Thrasher Research Fund - Medical research grants to improve the lives of children

Project Details

Early Career

Status: Funded - Closed

Evaluating the role of vertical transmission of antimicrobial resistance in neonatal sepsis

Ashley Styczynski, MD, MPH


BACKGROUND: Infection with antibiotic-resistant bacteria is an increasing cause of newborn deaths, particularly in developing countries such as Bangladesh. The true burden of antibiotic-resistant infections among newborns in Bangladesh is unknown, but limited data show 75-100% of the causative bacteria are resistant to first-line antibiotics. GAP: It is not known to what extent newborn infections with antibiotic-resistant bacteria may be caused by exposure to community-acquired bacteria that are transmitted from mother to baby and/or through healthcare contact. HYPOTHESIS: My hypothesis is that pregnant women in Bangladesh are colonized with antibiotic-resistant bacteria, independent of healthcare contact, and that this contributes to newborn infections from resistant bacteria. METHODS: We enrolled pregnant women presenting for delivery in Faridpur, Bangladesh, and assessed for colonization with antibiotic-resistant bacteria. We examined the association between colonization with prior exposures and compared bacteriologic findings to types of bacteria causing newborn infections. RESULTS: Of 177 pregnant mothers presenting for delivery, 16.9% were found to be colonized with extended-spectrum beta-lactamase (ESBL)-producing organisms on vaginal swabs, and 70.6% on rectal swabs. Colonization with carbapenem-resistant organisms (CRO) was less frequent with 4.0% of mothers colonized on vaginal swabs and 13.0% colonized on rectal swabs. The most common organisms isolated were ESBL E. coli followed by ESBL Klebsiella, which closely coincides with causative etiologies of neonatal sepsis. Hospitalization during pregnancy was the only factor consistently associated with ESBL and CRO colonization on univariable and multivariable analysis (RR 2.2-2.6, 95% CI 1.0-5.9). IMPACT: This study reveals that healthcare exposure is an important contributor to maternal colonization with antibiotic resistant bacteria. Additionally, vertical transmission may be a critical route of neonatal exposure to resistant organisms that ultimately lead to neonatal infections. Further investigations are needed into the role of healthcare facilities in propagating spread of antibiotic resistant bacteria and their role in newborn infections.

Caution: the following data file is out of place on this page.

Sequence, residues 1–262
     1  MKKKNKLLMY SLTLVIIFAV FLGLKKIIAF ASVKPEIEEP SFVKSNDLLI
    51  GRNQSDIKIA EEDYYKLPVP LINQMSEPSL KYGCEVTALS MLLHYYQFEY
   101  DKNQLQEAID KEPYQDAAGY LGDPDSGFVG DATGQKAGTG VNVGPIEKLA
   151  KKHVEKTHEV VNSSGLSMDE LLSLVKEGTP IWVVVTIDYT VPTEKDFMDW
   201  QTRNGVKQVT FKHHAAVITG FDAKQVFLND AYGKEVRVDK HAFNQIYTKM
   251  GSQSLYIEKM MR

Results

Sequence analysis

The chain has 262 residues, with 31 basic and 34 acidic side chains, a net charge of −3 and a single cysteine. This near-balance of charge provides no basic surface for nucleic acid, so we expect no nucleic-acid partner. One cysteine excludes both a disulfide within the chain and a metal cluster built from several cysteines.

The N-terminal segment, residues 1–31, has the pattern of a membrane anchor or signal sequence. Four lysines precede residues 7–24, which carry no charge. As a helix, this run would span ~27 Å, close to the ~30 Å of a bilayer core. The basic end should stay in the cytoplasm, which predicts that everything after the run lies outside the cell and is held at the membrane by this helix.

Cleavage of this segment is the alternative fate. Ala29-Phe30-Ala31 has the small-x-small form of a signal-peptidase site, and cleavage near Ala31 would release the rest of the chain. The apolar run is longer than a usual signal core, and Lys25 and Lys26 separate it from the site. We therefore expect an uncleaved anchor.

Supervising Institution:
Stanford University

Stephen Luby

Project Location:
Bangladesh, United States

Award Amount: